Circulating level of Th17 cells is associated with sensitivity to glucocorticoids in patients with immune thrombocytopenia

Circulating level of Th17 cells is associated with sensitivity to glucocorticoids in patients... Glucocorticoids are a widely recognized first-line therapy for immune thrombocytopenia (ITP). However, some patients are unresponsive to glucocorticoid therapy for reasons that remain unclear. Accumulating evidence suggests that CD4+ T-cell abnormalities play a crucial role in the development of ITP. In the present study, we investigated peripheral blood CD4+ T cells, Th17-associated cytokines, and the mRNA expression level of Th17 transcription factor—RORγt—in patients with newly-diagnosed ITP before glucocorticoid therapy. The study involved 27 newly-diagnosed patients. Th17-cell levels in the peripheral blood of newly-diagnosed ITP patients were associated with responsiveness to glucocorticoid therapy. Newly-diagnosed ITP patients who were not sensitive to glucocorticoid treatment were found to have lower levels of Th17 cells. Quantifying Th17 cells may allow physicians to predict prognosis of glucocorticoid treatment and stratify therapy for those with ITP. This strategy may provide a new approach to the treatment of glucocorticoid-insensitive patients. http://www.deepdyve.com/assets/images/DeepDyve-Logo-lg.png International Journal of Hematology Springer Journals

Circulating level of Th17 cells is associated with sensitivity to glucocorticoids in patients with immune thrombocytopenia

Loading next page...
 
/lp/springer_journal/circulating-level-of-th17-cells-is-associated-with-sensitivity-to-mGqHHklt9r
Publisher
Springer Japan
Copyright
Copyright © 2018 by The Japanese Society of Hematology
Subject
Medicine & Public Health; Hematology; Oncology
ISSN
0925-5710
eISSN
1865-3774
D.O.I.
10.1007/s12185-017-2392-0
Publisher site
See Article on Publisher Site

Abstract

Glucocorticoids are a widely recognized first-line therapy for immune thrombocytopenia (ITP). However, some patients are unresponsive to glucocorticoid therapy for reasons that remain unclear. Accumulating evidence suggests that CD4+ T-cell abnormalities play a crucial role in the development of ITP. In the present study, we investigated peripheral blood CD4+ T cells, Th17-associated cytokines, and the mRNA expression level of Th17 transcription factor—RORγt—in patients with newly-diagnosed ITP before glucocorticoid therapy. The study involved 27 newly-diagnosed patients. Th17-cell levels in the peripheral blood of newly-diagnosed ITP patients were associated with responsiveness to glucocorticoid therapy. Newly-diagnosed ITP patients who were not sensitive to glucocorticoid treatment were found to have lower levels of Th17 cells. Quantifying Th17 cells may allow physicians to predict prognosis of glucocorticoid treatment and stratify therapy for those with ITP. This strategy may provide a new approach to the treatment of glucocorticoid-insensitive patients.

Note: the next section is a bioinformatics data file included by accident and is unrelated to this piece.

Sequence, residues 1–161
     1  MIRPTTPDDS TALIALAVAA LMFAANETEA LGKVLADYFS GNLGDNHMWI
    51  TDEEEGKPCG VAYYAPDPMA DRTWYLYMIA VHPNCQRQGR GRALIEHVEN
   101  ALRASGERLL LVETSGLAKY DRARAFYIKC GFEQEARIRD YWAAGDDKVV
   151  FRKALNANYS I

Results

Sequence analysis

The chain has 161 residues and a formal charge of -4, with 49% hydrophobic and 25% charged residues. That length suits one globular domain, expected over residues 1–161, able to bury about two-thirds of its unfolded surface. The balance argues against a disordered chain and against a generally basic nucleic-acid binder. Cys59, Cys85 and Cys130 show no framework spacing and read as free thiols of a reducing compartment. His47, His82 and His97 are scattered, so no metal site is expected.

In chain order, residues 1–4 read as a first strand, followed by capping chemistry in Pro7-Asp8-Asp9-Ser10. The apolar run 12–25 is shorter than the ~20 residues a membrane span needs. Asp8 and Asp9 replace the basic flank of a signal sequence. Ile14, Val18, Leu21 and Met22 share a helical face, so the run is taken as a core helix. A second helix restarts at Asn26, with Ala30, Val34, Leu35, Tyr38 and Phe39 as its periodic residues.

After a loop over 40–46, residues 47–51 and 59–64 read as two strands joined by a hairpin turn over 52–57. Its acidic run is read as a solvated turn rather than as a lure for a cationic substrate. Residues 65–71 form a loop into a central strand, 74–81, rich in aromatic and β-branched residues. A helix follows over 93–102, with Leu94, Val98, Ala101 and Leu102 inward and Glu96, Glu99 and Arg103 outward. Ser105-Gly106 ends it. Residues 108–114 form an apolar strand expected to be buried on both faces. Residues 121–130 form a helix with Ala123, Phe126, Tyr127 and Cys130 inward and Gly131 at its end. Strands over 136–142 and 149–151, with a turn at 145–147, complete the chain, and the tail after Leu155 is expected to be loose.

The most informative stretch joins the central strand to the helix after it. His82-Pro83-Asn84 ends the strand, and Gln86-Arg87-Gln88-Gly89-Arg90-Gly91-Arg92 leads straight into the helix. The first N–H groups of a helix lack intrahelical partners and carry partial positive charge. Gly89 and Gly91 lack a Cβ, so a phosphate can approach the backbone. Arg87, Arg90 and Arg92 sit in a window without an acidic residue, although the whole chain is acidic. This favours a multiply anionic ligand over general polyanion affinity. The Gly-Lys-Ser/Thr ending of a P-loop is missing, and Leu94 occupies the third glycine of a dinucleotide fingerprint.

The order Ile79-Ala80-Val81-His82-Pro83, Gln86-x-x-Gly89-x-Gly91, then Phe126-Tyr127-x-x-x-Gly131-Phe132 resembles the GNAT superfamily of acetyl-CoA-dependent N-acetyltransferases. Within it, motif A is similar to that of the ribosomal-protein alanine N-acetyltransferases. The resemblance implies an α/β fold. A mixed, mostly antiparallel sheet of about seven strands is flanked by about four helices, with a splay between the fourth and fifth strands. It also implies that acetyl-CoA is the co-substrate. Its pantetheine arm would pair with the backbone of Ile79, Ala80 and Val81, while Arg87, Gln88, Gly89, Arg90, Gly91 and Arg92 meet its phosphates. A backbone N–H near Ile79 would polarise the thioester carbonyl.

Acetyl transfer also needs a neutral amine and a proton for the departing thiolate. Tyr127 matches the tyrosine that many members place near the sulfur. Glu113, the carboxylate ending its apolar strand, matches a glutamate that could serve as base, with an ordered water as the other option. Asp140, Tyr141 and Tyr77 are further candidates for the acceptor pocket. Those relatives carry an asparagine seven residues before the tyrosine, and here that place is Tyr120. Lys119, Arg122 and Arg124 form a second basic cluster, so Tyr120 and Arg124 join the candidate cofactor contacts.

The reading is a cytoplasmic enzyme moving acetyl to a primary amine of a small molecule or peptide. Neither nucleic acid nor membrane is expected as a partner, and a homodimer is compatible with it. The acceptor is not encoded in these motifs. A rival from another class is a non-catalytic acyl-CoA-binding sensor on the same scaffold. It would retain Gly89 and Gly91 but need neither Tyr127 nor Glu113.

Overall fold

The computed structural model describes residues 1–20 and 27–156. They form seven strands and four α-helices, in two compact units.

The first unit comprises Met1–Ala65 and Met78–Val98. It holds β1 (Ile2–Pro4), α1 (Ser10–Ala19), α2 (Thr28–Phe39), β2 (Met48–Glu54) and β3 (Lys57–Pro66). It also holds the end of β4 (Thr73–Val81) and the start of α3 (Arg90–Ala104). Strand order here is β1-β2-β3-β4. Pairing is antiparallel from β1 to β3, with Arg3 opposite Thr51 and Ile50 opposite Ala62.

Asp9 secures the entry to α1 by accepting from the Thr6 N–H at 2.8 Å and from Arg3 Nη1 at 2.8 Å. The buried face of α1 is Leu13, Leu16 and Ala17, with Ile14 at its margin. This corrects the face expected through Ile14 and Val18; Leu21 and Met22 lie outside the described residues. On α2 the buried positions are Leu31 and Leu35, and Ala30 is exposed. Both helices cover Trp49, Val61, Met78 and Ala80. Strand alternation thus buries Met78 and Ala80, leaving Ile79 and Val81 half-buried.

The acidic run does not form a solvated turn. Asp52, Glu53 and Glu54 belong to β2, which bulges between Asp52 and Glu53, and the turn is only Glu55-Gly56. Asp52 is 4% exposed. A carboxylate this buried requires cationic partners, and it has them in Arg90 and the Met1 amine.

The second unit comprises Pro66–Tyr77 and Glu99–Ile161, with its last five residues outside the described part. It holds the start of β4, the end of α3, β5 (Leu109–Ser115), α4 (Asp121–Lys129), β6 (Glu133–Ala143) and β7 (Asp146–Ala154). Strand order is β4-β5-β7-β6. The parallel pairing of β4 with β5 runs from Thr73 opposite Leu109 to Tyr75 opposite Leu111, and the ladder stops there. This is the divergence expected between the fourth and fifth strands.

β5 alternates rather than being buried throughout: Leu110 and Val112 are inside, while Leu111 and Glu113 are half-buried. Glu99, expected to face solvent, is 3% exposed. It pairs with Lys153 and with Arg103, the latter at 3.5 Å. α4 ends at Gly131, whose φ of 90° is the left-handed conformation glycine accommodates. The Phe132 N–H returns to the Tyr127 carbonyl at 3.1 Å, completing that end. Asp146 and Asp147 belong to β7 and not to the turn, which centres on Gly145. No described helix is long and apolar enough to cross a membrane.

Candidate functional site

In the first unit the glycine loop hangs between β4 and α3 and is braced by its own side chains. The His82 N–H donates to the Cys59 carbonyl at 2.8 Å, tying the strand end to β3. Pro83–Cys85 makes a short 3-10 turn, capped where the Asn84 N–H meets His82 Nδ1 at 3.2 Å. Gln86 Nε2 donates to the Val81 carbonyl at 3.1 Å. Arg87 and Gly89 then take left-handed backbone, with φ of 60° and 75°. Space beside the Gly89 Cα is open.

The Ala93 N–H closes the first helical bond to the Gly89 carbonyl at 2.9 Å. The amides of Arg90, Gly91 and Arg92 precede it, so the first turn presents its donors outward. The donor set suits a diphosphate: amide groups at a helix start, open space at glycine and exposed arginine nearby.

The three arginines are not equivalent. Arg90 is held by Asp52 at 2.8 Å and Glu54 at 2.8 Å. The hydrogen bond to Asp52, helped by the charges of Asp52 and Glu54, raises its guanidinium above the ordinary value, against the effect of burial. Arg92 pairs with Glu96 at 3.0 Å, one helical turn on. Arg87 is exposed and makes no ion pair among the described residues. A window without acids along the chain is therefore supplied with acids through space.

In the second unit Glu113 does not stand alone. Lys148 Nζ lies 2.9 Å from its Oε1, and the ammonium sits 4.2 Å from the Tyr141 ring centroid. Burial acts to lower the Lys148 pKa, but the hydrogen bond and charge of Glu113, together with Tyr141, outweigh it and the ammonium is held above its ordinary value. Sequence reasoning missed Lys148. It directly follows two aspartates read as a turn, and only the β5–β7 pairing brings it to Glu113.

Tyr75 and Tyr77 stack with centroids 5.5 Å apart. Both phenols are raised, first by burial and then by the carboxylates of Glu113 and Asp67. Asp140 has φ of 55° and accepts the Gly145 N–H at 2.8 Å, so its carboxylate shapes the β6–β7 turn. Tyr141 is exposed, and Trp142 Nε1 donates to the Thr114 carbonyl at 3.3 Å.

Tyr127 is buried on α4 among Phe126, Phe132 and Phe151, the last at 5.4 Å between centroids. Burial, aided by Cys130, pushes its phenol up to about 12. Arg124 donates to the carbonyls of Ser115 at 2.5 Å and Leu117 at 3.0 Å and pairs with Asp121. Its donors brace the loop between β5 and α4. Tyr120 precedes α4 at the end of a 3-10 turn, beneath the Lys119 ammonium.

Journal

International Journal of HematologySpringer Journals

Published: Jan 11, 2018

References

You’re reading a free preview. Subscribe to read the entire article.


DeepDyve is your
personal research library

It’s your single place to instantly
discover and read the research
that matters to you.

Enjoy affordable access to
over 12 million articles from more than
10,000 peer-reviewed journals.

All for just $49/month

Explore the DeepDyve Library

Unlimited reading

Read as many articles as you need. Full articles with original layout, charts and figures. Read online, from anywhere.

Stay up to date

Keep up with your field with Personalized Recommendations and Follow Journals to get automatic updates.

Organize your research

It’s easy to organize your research with our built-in tools.

Your journals are on DeepDyve

Read from thousands of the leading scholarly journals from SpringerNature, Elsevier, Wiley-Blackwell, Oxford University Press and more.

All the latest content is available, no embargo periods.

See the journals in your area

DeepDyve Freelancer

DeepDyve Pro

Price
FREE
$49/month

$360/year
Save searches from
Google Scholar,
PubMed
Create lists to
organize your research
Export lists, citations
Read DeepDyve articles
Abstract access only
Unlimited access to over
18 million full-text articles
Print
20 pages/month
PDF Discount
20% off